A series of industrial steel ventilation pipes and copper sheet stripped from a scrapyard come together in this industrial-style furniture design dubbed “Tubular.” Typically used for heating, ventilation, and air conditioning (HVAC) systems, these standard-sized duct sections are surprisingly ideal for this kind of adaptive reused, designed to slot neatly into one another. Their modular nature makes them well-suited to curvy turns in tight spaces, too, as embodied by this chair.
Eindhoven-based designer Lucas Muñoz’s creation is roughly shaped a bit like the famous Vassily Chair (below) designed by Marcel Breuer of Bauhaus fame, except slim metal pipes are replaced by huge galvanized steel tubing (while brown brass replaces dark leather).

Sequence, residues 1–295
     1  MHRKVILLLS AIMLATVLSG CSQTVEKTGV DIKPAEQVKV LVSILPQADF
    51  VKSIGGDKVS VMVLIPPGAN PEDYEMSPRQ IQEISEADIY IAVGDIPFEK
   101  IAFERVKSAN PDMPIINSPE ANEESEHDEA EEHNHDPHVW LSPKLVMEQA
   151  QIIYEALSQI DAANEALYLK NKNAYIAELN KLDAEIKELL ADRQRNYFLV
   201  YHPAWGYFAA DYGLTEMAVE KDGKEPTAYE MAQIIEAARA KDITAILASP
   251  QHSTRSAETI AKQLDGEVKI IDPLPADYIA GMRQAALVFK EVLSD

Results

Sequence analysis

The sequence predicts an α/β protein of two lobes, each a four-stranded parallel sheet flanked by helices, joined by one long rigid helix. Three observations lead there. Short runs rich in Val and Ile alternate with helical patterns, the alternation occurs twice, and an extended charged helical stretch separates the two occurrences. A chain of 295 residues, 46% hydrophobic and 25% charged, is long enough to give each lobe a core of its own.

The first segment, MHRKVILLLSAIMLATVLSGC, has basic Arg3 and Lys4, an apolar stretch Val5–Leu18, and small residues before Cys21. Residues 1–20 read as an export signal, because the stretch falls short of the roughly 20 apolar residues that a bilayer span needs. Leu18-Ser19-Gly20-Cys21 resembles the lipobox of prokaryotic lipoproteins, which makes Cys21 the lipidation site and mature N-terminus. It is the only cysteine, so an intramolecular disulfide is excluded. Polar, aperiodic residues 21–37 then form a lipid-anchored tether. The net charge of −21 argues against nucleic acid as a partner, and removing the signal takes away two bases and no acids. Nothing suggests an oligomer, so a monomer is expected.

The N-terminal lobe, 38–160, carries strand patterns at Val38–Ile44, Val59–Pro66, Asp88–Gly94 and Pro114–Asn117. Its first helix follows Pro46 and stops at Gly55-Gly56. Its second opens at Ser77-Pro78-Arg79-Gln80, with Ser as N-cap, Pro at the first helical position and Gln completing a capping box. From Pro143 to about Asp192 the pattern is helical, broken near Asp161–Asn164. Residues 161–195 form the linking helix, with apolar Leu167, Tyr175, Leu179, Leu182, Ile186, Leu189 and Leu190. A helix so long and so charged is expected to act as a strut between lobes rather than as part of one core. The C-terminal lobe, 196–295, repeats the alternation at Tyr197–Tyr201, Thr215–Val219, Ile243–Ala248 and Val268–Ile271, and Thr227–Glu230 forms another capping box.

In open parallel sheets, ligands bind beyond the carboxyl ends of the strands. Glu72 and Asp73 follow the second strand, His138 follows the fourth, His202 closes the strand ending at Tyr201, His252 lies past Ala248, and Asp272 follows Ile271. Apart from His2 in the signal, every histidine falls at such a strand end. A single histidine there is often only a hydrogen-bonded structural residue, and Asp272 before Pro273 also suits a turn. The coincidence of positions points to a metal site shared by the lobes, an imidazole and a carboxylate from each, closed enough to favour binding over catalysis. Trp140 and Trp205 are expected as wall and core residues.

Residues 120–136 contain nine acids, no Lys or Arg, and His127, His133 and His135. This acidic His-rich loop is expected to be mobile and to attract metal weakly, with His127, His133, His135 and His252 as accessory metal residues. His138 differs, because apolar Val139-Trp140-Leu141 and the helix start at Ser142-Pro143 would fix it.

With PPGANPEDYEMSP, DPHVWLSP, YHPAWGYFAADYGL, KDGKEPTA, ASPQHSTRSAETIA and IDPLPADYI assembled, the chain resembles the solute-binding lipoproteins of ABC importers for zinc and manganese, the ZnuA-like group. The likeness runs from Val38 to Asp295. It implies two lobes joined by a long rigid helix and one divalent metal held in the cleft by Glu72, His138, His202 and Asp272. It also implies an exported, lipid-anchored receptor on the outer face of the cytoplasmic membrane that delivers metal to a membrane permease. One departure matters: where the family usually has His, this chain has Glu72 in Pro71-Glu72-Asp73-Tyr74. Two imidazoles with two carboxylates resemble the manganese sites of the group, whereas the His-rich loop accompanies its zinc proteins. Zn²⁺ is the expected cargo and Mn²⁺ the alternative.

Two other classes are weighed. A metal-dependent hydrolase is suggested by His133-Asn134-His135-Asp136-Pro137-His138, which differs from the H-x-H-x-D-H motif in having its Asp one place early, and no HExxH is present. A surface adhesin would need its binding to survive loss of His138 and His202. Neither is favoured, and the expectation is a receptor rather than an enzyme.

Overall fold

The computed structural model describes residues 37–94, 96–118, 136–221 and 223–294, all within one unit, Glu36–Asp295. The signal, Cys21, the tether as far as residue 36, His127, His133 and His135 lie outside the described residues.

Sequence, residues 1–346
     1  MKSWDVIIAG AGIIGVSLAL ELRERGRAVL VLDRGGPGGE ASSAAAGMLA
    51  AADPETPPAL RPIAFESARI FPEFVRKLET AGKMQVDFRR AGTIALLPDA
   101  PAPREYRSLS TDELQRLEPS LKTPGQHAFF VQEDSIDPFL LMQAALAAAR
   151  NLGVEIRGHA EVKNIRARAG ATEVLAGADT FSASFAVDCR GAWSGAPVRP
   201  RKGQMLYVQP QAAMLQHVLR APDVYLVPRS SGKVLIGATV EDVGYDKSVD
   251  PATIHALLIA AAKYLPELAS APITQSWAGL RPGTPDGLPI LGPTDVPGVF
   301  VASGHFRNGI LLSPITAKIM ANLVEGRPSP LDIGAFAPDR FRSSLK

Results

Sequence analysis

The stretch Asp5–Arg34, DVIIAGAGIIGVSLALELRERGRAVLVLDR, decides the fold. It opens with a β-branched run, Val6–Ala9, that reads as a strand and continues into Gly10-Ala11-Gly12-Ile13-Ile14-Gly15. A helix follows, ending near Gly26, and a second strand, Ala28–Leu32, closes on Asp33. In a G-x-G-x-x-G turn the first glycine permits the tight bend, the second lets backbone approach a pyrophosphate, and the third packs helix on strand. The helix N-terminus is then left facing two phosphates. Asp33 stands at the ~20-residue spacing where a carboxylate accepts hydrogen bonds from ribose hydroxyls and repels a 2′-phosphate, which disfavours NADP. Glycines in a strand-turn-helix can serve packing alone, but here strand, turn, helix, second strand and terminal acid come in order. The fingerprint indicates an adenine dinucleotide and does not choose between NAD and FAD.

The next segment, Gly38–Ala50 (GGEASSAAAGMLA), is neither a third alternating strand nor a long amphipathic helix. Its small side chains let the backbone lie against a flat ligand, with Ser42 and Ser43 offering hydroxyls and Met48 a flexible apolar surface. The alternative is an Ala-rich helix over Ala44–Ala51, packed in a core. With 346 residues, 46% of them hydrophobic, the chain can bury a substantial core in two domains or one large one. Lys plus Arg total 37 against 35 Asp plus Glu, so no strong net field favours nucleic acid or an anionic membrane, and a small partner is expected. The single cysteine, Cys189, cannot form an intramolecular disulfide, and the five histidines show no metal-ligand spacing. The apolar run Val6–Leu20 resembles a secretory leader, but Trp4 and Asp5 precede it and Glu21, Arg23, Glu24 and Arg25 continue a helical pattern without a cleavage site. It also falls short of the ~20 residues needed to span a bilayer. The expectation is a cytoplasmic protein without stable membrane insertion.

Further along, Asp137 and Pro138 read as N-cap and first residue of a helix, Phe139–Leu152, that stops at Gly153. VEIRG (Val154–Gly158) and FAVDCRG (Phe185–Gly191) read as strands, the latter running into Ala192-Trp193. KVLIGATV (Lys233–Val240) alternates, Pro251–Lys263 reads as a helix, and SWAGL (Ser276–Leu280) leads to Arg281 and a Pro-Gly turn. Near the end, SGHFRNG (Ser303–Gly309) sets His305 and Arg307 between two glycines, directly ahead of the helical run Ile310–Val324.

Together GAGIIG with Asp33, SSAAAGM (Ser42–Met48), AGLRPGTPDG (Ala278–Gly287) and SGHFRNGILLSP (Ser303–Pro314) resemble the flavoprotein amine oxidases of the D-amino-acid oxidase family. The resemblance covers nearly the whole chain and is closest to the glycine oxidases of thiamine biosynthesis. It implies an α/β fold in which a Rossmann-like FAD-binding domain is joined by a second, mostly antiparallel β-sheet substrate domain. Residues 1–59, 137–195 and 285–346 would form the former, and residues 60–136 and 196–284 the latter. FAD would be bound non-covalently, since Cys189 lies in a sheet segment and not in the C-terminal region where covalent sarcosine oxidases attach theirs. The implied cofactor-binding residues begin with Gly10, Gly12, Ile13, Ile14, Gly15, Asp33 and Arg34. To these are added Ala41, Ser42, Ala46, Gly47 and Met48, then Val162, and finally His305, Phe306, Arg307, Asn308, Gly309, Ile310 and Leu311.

Its creator was inspired by elbow joints in his own studio and scraps from a junkyard, and wondered how these could be applied in a different context. “The materiality and shape – the practical means – of the industrial components allow them to afford a variety of roles if arranged in a way that offers some kind of furniture function for a domestic context.”
It was on display at Dutch Design Week, where participants were challenged to put everyday materials, components and objects in new contexts. Hopefully, this is just the start of a larger series — this strategy could make for a great table, among other things.
“I find a great richness in all these engineered standard components. Not only visually but also functionally. Great designers and engineers are behind all these industrial components, and they work hard in making their production and durability as efficient as possible. I find the potential for other functions in these materials.”